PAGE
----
The Ahmedabad AIR Plan is part of a broader collaboration between AMC and public health and policy experts at the Indian Institute of Public Health, Gandhinagar (IIPH-G), Public Health Foundation of India (PHFI) and Natural Resources Defense Council (NRDC). Thee Ahmedabad AQI is supported by technical expertise from the Indian Institute of Tropical Meteorology, Pune (IITM)’s System of Air Quality and Weather Forecasting And Research (SAFAR) program. AQI systems operate in three Indian leading cities, Delhi, Pune and Mumbai, and several cities internationally.

The Gujarat State Pollution Control Board (GPCB) and the Gujarat State Climate Change Department are also critical to the creation of the plan, as are key local researchers and civil society groups. The combined efforts of government agencies, health professionals, and community leaders can serve to effectively inform the public about rising air pollution health risks in India, and how to take steps to protect community and individual health.

In support of the Ahmedabad AIR Plan, in 2016, the AMC along with IIPH-G, NRDC and IITM engaged in a series of stakeholder discussions on air pollution in India and Ahmedabad.  In December 2016, hosted by the Honourable Mayor, the AMC and partners convened an international workshop on “Air Pollution and Health: Laying the Foundation for Effective Use of Ahmedabad Air Quality Index”, and released an underlying issue brief on the evidence base for creating the AIR Plan, “Protecting Health from Rising Air Pollution in Ahmedabad.” The discussions have been on translating increased monitoring through the SAFAR’s AQI and air quality monitoring network and growing public awareness, into usable health advisories and impactful policy changes that target some of the key sources of air pollution.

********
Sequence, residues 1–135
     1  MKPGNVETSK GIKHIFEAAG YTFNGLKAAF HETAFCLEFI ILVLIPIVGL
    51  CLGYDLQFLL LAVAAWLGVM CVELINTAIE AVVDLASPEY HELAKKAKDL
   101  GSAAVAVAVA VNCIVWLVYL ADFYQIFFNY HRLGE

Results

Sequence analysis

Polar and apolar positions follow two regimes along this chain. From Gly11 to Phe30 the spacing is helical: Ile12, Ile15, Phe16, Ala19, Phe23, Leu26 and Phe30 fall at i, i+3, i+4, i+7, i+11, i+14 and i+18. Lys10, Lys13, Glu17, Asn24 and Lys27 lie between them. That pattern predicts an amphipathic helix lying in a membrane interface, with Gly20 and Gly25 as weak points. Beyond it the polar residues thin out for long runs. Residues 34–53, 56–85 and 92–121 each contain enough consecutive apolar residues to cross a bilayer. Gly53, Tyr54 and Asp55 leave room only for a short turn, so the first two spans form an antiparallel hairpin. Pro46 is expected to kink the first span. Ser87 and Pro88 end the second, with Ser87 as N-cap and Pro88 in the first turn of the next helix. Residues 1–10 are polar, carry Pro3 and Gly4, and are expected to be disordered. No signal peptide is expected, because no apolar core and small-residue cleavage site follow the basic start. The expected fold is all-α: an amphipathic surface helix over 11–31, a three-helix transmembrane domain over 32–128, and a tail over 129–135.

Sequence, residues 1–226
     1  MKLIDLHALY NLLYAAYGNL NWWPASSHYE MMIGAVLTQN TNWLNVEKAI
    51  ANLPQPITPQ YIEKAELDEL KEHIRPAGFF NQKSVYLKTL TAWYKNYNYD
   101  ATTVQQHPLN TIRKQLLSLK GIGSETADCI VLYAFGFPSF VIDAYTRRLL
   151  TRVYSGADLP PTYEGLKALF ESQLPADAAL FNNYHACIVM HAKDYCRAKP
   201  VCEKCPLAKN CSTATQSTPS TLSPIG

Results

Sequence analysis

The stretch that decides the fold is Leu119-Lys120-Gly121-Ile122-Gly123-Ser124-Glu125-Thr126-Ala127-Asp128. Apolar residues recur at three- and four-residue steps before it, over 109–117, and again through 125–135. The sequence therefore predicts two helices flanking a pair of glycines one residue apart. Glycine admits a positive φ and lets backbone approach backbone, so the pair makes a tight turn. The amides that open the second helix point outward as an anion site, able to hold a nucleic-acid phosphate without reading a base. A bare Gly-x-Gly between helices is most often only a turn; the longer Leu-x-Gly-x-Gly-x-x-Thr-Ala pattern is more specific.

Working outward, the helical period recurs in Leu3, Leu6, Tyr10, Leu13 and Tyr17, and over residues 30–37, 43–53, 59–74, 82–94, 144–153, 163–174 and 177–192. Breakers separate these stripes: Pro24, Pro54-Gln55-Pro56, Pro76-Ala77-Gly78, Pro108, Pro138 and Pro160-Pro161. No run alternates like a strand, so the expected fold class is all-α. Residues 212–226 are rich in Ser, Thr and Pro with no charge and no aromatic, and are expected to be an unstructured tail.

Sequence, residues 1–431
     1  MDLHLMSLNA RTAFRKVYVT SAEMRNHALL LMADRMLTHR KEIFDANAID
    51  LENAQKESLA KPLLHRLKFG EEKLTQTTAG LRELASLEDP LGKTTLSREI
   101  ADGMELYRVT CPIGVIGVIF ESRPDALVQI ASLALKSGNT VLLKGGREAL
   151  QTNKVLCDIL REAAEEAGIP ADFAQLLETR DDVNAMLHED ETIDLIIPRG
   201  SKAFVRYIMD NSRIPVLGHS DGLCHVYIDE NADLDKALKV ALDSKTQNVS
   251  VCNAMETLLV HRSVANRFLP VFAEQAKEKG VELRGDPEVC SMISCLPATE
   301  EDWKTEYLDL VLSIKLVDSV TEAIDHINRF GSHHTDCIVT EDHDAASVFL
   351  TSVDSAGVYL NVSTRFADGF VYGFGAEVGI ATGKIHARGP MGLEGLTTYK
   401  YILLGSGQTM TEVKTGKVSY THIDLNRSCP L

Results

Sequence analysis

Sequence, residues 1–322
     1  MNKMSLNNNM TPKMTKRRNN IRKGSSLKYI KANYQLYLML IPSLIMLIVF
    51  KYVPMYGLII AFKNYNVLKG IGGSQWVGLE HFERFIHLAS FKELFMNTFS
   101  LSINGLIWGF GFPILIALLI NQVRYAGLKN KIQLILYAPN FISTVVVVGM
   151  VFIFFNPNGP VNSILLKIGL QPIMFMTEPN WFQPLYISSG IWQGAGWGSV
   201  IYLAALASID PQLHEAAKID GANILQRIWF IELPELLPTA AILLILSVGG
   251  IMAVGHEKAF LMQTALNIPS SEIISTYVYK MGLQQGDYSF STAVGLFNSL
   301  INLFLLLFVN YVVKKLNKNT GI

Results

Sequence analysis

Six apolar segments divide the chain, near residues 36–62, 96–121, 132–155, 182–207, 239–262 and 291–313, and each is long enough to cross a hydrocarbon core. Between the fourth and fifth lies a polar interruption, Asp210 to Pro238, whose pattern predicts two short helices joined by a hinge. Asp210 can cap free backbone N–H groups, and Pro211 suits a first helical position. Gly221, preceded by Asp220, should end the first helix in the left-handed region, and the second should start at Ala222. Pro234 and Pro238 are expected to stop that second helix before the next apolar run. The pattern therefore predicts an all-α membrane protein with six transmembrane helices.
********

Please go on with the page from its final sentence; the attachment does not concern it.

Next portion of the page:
The central aim of this project is about saving lives and helping the people of Ahmedabad to create healthier communities, more secure from the dangers of air pollution, and prosperous economy. Through the AQI and the AIR Plan, countless lives can be saved from air pollution, while also opening collaborative pathways to pollution reduction. The AIR Plan is the initial step in longer term goals of achieving basic clean air.

About the Authors

Anjali Jaiswal

Senior Director, India, International Program

Join Us

When you sign up you'll become a member of NRDC's Activist Network. We will keep you informed with the latest alerts and progress reports.